The Plinius 3100B  is a 100W RMS per channel stereo power amplifier which runs in Class-B mode,

From memory it was well built and weight about 15-18kg. It did not run hot, just warm when driving a pair of Celestion SL6s.

Pix of the Plinius 3100B from NZ eBay equivalent

Pix of the Plinius 3100B (rear) from NZ eBay equivalent
How does it sound?

In general, clear presentation but I find the 3100B lack gruntiness with any control at volumes above 10oclock. What I mean is that it's like the older generation of Honda Civic engines - have horsepower but lack torque. So although it can go loud when driving the Celestion SL6s, that's about it. When the volume was at 50% on the pre-amp, the reproduction sound flat. From memory, no details no soundstage; just VOLUME - basically sounding pretty much like the "run of the mill" present day Class-D amps.

Saturday, July 1, 2017


A friend who knows of my hobby asked for a "loan of them ears" to rate the reproduction from his JVC Karaoke VCD player Model XL-MV33.

Have seen many such units in Karaoke establishments and in the home(s) of die-hard Karaoke fans. It's basically a VCD player with a built-in Karaoke master mixer bundled with the very handy and intuitive VCR-type controls.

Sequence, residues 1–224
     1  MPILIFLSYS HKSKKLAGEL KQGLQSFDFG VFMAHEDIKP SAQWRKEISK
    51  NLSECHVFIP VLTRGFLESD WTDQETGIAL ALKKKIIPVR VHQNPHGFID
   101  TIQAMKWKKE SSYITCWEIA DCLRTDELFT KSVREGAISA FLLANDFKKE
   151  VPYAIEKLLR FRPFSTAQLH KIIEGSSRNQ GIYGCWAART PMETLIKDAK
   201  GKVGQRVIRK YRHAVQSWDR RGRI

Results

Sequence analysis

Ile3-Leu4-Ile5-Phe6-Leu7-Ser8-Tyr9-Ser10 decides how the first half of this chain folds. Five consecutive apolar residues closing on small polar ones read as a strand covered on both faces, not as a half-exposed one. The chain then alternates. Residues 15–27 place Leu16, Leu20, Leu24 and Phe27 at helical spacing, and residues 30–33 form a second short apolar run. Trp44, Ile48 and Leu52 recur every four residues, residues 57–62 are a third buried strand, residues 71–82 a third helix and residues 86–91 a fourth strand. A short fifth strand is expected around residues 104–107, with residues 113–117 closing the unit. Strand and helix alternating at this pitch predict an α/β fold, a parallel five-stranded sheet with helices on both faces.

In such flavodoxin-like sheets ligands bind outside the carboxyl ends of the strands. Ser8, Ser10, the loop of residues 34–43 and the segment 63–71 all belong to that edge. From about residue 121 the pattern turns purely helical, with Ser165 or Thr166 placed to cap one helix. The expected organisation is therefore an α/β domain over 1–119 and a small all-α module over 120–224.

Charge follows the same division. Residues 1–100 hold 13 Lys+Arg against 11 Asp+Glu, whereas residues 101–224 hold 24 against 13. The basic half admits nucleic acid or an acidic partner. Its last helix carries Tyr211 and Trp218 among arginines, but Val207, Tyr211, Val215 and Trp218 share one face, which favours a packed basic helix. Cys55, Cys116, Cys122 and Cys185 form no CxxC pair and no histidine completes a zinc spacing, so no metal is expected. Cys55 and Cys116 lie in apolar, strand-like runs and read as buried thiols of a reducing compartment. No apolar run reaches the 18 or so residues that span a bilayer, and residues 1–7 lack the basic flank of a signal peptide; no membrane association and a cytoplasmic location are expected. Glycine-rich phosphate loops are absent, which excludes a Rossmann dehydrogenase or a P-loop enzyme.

To be honest, I had always consider such units to be children of a "lesser hifi "... BOY WAS I EVER WRONG - you really can't judge a book by it's cover!!!

This stock Karaoke VCD machine does not have the posh nor classy outlook of a proper hifi component but once you hear the quality of it's reproduction, you would realise it's a real diamond in the rough!  All the details were in the output but the resulting presentation was just a tad warmer than it should be, strong output with a bit of background cluttering  and the HF(s) was half heartly with-held. Something in the resulting presentation remind me of a past encounter. Best description would be "almost there but you need to get over the hill 1st". This ugly duckling has the potential to be a swan! 

Cost wise I reckon this would be a good unit to recap ... much better than getting a below $100 DVD player.

The ugly duckling
Closeup view of frontal right side

Closeup view of frontal left side

Only outputs available on the MV33